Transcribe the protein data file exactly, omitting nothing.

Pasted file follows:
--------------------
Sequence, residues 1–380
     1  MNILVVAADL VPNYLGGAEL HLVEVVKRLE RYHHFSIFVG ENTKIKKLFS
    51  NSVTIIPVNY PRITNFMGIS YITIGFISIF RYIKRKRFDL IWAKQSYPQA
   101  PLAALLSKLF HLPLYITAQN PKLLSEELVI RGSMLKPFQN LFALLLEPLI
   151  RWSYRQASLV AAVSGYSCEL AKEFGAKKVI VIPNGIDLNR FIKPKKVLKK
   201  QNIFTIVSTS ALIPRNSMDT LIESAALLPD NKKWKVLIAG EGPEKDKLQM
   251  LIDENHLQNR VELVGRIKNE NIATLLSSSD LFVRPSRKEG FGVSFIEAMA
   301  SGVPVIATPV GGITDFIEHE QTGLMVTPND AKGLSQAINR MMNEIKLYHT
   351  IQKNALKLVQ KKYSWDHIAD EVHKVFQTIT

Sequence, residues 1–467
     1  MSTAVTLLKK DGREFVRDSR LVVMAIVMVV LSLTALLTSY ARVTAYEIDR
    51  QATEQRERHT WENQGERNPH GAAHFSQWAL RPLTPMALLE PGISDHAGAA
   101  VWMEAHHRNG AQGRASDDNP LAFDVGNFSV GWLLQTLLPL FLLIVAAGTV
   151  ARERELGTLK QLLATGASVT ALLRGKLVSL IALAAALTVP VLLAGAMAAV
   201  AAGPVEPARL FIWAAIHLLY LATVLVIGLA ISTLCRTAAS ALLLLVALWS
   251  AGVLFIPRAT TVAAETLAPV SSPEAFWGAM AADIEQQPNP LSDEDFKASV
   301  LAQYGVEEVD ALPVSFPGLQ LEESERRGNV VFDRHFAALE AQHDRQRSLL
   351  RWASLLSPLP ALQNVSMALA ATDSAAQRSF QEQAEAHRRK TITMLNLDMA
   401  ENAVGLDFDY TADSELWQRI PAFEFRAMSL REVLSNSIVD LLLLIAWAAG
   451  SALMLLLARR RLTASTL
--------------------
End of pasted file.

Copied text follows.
Sequence, residues 1–380
     1  MNILVVAADL VPNYLGGAEL HLVEVVKRLE RYHHFSIFVG ENTKIKKLFS
    51  NSVTIIPVNY PRITNFMGIS YITIGFISIF RYIKRKRFDL IWAKQSYPQA
   101  PLAALLSKLF HLPLYITAQN PKLLSEELVI RGSMLKPFQN LFALLLEPLI
   151  RWSYRQASLV AAVSGYSCEL AKEFGAKKVI VIPNGIDLNR FIKPKKVLKK
   201  QNIFTIVSTS ALIPRNSMDT LIESAALLPD NKKWKVLIAG EGPEKDKLQM
   251  LIDENHLQNR VELVGRIKNE NIATLLSSSD LFVRPSRKEG FGVSFIEAMA
   301  SGVPVIATPV GGITDFIEHE QTGLMVTPND AKGLSQAINR MMNEIKLYHT
   351  IQKNALKLVQ KKYSWDHIAD EVHKVFQTIT

Sequence, residues 1–467
     1  MSTAVTLLKK DGREFVRDSR LVVMAIVMVV LSLTALLTSY ARVTAYEIDR
    51  QATEQRERHT WENQGERNPH GAAHFSQWAL RPLTPMALLE PGISDHAGAA
   101  VWMEAHHRNG AQGRASDDNP LAFDVGNFSV GWLLQTLLPL FLLIVAAGTV
   151  ARERELGTLK QLLATGASVT ALLRGKLVSL IALAAALTVP VLLAGAMAAV
   201  AAGPVEPARL FIWAAIHLLY LATVLVIGLA ISTLCRTAAS ALLLLVALWS
   251  AGVLFIPRAT TVAAETLAPV SSPEAFWGAM AADIEQQPNP LSDEDFKASV
   301  LAQYGVEEVD ALPVSFPGLQ LEESERRGNV VFDRHFAALE AQHDRQRSLL
   351  RWASLLSPLP ALQNVSMALA ATDSAAQRSF QEQAEAHRRK TITMLNLDMA
   401  ENAVGLDFDY TADSELWQRI PAFEFRAMSL REVLSNSIVD LLLLIAWAAG
   451  SALMLLLARR RLTASTL